Hell, even the timing of this - the Sunday before the first game - suggests that this is clearly motivated by money on the part of the free press, as well as an attempt to justify a paycheck by two dweebs.

Not to mention the obsession the free press has with tearing down Rodriguez, which has been obvious to EVERYONE.

Please, go to your room.


August 30th, 2009 at 2:12 PM ^

I work with a former closer for the M baseball team. He said in his last year, the football team "took over" the fields with their 7 on 7 drills, which went on during baseball workouts. The grad assistants were most definitely there and most definitely taking attendance and calling people.

That said, he agrees with Brian in terms of the eventual NCAA sanctions- few, if at all.


August 30th, 2009 at 6:22 PM ^

I don't think the "Noncoaching Activities" rule applies at all. These are not "nonorganized" activities. So that just leaves the "Voluntary Athletically Related Activities" rule, especially section (c). I don't think any part of section (d) applies unless Michigan was punishing the players for not participating in some concrete way, which I don't think has been alleged with regard to the scrimmages.

If the graduate assistants were reporting attendance or anything else about the scrimmages back to the coaches, then that would be a violation of section (c). But the article does not make that allegation. It says the players knew they were taking attendance. It doesn't say the players knew who was getting that information or how they were using it. There are good reasons for keeping track of attendance other than tattling to the coaches. The whole thing is completely absurd.

Unfortunately, as Cokie Roberts once famously observed, "It doesn't matter if it's true or not. It's out there."


August 30th, 2009 at 2:13 PM ^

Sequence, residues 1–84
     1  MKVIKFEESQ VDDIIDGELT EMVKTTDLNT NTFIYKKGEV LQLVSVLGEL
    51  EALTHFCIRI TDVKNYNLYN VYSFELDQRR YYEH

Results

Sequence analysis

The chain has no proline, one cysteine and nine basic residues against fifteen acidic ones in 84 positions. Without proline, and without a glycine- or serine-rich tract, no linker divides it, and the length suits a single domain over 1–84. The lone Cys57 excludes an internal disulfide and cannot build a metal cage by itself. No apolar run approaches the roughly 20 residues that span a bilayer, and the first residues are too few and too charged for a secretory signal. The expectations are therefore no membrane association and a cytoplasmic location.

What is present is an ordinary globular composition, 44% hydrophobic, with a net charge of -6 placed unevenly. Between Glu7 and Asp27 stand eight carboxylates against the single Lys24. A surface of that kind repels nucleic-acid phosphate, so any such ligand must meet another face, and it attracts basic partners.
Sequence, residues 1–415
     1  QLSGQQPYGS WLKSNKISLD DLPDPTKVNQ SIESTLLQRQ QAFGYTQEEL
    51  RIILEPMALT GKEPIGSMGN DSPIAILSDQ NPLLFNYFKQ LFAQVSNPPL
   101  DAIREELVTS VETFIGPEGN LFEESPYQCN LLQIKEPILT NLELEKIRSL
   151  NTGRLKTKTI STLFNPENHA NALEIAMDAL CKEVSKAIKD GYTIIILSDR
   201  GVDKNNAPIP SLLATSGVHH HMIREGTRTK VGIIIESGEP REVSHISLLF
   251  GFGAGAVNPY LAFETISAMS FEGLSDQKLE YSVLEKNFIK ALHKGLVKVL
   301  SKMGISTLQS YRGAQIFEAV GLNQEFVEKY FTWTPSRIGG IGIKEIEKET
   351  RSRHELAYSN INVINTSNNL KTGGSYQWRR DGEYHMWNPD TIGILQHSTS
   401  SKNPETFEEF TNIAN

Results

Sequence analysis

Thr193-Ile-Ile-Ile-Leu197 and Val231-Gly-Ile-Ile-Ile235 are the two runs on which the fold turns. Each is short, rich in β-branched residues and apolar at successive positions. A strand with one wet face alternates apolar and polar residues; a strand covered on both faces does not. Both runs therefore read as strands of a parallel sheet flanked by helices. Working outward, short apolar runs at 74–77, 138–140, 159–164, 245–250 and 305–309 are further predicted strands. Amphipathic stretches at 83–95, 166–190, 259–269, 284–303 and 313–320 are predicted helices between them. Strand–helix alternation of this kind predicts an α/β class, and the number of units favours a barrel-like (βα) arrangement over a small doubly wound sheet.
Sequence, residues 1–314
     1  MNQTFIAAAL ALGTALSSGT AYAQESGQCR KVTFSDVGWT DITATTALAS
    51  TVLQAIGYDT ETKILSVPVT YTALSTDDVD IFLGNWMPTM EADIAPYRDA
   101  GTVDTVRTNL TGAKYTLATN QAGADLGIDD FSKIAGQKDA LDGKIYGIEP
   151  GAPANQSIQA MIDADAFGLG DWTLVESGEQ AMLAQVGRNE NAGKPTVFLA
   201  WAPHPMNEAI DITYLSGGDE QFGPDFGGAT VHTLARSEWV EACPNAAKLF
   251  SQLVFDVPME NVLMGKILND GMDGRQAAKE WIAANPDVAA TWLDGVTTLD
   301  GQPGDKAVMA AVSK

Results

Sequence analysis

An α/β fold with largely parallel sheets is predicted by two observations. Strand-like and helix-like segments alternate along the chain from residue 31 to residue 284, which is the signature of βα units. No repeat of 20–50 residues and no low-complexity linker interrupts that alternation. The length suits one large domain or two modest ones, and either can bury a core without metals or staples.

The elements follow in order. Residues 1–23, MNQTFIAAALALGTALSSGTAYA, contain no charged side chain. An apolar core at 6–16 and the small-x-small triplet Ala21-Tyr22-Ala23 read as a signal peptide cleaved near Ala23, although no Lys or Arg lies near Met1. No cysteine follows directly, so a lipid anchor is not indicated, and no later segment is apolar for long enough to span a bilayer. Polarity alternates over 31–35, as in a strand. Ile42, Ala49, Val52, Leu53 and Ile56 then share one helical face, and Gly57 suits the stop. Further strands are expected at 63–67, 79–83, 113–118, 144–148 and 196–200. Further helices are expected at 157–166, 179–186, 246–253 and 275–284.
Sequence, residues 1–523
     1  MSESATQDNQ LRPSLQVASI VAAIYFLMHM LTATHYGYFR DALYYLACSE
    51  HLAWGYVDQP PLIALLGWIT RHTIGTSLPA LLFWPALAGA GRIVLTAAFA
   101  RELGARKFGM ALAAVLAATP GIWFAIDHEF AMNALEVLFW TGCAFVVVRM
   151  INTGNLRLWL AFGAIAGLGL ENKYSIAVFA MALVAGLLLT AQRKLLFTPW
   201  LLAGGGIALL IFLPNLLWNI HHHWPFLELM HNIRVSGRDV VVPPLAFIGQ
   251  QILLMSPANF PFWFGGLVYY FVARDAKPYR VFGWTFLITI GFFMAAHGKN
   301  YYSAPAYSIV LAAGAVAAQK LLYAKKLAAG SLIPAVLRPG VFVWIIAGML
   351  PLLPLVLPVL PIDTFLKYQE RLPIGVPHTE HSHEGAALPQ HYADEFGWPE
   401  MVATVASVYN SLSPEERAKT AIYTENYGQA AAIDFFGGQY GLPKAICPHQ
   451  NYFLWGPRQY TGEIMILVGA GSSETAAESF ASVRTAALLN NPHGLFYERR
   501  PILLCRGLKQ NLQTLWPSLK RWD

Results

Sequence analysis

The report is such a non issue. The is obviously a case where the Freep is desperately searching for another big issue now that the Kwame Kilpatrick story has ended. Shock journalism at best. I wouldn't be surprised if the next headline reads "Scandal at the Big House" to try to drive more readers to the Freep website.

A couple additional points that are worth merit. First, Rosenberg fails to tell us what the other 5 players said about practice and workouts. Instead, he decided to selectively report quotations from players who had negative things to say and took advantage of a naive freshman (Stokes) who appeared to be indifferent about the matter, but whose quote was spun out of context Second, what specific questions did the Freep reporters ask these players? Were they leading questions trying to bait players into producing a certain answer? Did they ask for a breakdown of how the hours were spent? Let's hope proponents (players and parents) also come forward to provide a well-rounded perspective.

This is part of the culture change at Michigan. During the latter years of the Carr era, practices had a country club type atmosphere. RRod is bringing hard work and dedication to football back to UM. The primary reason it has been brought up is due to the stark contrast in practice and preparation styles.

The climate of college football practice regulations is touchy, given the recent spike in player deaths in practice. Let's hope that the NCAA sees this for what it really is (a non issue) and decides not make an example out of UM for the rest of college football.

Blimpy Burger

August 30th, 2009 at 2:35 PM ^

FWIW.. I attend practices from time to time and was there at the most recent open media day. Rosenberg usually sends Snyder to cover practices. I've never seen Rosenberg there.